TORONTO (Reuters) - Canadian housing starts climbed in February as multi-family construction rebounded in Ontario and Quebec, Canada Mortgage and Housing Corp said on Friday in a report that nevertheless showed the housing market is continuing to moderate.
The seasonally adjusted annualized rate of housing starts was 180,719 units in February, up from 158,998 in January. The January figure was revised down from the 160,577 units reported previously.
The number of starts in February was slightly above the 175,000 starts expected by analysts in a Reuters poll.
The six-month trend level in housing starts was 195,087, continuing a downward slope that began in the middle of 2012, when Canada's red-hot housing market peaked.
"The trend in total housing starts continued to moderate in February. Moderation in economic fundamentals in the second half of 2012 has led to more modest housing demand and builders are adjusting accordingly," Mathieu Laberge, deputy chief economist at CMHC, said in a statement.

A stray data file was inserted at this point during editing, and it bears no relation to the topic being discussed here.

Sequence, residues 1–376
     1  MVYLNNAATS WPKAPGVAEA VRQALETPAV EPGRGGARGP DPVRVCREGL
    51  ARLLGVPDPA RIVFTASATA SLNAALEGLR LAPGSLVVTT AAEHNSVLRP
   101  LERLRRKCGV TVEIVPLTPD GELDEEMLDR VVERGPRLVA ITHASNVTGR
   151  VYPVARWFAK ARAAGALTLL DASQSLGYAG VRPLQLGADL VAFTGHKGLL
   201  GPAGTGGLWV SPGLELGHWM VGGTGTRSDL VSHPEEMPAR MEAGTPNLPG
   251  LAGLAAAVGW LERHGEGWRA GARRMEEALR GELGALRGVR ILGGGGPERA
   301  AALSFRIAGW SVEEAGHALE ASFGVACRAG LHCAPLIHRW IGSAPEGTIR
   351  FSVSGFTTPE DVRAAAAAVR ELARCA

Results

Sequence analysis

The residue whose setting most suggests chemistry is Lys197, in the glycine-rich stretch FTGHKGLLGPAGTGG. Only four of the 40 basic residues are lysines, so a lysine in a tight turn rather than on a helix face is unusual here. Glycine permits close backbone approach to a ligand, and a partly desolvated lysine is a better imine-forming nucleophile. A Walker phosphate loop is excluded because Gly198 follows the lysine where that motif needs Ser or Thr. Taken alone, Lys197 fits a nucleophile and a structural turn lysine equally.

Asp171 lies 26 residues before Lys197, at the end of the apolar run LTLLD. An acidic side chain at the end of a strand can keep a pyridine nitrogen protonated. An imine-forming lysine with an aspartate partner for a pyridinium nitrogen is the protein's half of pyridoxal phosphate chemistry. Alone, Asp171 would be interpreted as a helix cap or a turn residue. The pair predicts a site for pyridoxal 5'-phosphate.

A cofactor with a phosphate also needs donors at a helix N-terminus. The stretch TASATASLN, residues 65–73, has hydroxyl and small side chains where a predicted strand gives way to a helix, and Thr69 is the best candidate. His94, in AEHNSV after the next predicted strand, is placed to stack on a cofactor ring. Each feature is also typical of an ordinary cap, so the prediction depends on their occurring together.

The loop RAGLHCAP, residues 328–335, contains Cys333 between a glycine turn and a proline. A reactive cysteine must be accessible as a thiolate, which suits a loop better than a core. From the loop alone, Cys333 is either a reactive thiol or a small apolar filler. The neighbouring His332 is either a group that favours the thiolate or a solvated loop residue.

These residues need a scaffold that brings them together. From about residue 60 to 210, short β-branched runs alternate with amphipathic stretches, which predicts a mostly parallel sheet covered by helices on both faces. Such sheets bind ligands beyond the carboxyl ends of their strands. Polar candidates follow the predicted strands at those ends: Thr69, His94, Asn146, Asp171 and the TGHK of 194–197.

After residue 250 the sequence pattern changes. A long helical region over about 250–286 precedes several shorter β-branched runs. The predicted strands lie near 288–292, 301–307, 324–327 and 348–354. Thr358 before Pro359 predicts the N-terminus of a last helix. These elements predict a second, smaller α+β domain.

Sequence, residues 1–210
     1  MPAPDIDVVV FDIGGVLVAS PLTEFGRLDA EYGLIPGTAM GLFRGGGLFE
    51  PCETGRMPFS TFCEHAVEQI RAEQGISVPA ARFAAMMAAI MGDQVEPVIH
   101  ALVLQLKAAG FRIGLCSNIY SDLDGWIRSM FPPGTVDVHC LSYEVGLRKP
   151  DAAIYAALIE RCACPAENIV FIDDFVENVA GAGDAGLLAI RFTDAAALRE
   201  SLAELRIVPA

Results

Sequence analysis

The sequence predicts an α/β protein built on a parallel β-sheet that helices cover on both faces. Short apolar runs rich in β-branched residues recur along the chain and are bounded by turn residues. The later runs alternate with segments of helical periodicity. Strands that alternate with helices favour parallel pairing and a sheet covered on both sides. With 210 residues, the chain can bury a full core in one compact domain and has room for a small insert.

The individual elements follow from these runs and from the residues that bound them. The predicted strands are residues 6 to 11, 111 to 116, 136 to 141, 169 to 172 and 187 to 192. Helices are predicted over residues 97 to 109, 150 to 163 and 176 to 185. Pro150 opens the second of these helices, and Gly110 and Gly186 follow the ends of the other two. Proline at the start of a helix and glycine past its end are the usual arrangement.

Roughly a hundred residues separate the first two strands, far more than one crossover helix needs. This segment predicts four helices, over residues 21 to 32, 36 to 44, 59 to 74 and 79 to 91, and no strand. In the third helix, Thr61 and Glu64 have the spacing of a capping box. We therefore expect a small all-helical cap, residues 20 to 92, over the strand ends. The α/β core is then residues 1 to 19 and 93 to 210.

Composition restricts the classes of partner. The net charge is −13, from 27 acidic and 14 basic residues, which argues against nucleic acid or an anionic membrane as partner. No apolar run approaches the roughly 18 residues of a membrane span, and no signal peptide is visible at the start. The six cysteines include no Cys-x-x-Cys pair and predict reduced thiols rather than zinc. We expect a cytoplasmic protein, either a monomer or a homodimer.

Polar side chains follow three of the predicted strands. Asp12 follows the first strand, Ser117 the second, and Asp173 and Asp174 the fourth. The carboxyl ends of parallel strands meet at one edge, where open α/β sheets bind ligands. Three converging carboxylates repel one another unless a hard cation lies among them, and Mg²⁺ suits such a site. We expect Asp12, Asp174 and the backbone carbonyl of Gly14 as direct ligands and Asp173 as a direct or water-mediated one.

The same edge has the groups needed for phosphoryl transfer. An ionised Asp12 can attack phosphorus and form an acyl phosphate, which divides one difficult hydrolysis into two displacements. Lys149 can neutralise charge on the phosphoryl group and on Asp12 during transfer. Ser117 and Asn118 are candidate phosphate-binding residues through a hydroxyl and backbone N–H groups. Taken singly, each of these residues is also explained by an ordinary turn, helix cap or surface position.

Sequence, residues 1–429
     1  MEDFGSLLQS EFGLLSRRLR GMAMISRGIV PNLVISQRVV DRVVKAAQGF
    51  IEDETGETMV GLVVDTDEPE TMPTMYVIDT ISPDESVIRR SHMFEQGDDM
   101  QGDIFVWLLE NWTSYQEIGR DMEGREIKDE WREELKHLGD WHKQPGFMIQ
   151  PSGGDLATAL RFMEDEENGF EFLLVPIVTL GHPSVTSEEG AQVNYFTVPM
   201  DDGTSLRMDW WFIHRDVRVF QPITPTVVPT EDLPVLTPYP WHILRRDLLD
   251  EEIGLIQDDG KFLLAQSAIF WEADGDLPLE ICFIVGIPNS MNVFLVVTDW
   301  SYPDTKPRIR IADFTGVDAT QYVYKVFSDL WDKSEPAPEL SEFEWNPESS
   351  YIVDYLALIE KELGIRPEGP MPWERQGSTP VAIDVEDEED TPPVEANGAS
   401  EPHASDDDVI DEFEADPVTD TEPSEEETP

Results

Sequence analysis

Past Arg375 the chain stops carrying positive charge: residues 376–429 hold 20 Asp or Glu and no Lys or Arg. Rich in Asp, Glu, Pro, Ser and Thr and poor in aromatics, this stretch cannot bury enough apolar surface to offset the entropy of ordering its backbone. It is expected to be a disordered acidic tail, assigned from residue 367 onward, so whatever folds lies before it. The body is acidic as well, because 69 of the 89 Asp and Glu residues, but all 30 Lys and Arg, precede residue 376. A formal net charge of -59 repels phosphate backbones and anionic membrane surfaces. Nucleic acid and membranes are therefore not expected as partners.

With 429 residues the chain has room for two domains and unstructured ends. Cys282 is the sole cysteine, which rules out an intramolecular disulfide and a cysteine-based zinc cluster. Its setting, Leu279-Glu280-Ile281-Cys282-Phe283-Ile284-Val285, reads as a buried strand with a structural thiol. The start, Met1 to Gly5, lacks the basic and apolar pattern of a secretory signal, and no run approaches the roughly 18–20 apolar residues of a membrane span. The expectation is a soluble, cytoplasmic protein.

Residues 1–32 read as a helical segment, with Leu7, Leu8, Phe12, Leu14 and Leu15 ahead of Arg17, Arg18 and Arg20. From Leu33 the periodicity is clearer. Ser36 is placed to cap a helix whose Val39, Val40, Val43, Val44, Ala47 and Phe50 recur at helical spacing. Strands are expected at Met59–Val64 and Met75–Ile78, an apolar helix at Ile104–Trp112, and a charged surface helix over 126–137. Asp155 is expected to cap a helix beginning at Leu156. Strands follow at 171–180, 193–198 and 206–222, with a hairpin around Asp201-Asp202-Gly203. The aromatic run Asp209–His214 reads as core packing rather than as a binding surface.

The bounce-back in the standalone monthly rate of housing starts was fueled by a rebound in Ontario and Quebec starts in multi-family homes, typically condos.
Urban starts rose 18.4 percent in February to 161,631 units, led by a 27.7 percent increase in multiple urban starts to 99,022 units. Single urban starts rose 6.1 percent to 62,609 units in February, the CMHC said.
Urban starts rose 46.8 percent in Ontario, 34.9 percent in Quebec, 2.1 percent in British Columbia and 1.5 percent in the Prairies. Urban starts slumped 31.7 percent in Atlantic Canada.
Reporting by Andrea Hopkins; Editing by Bernadette Baum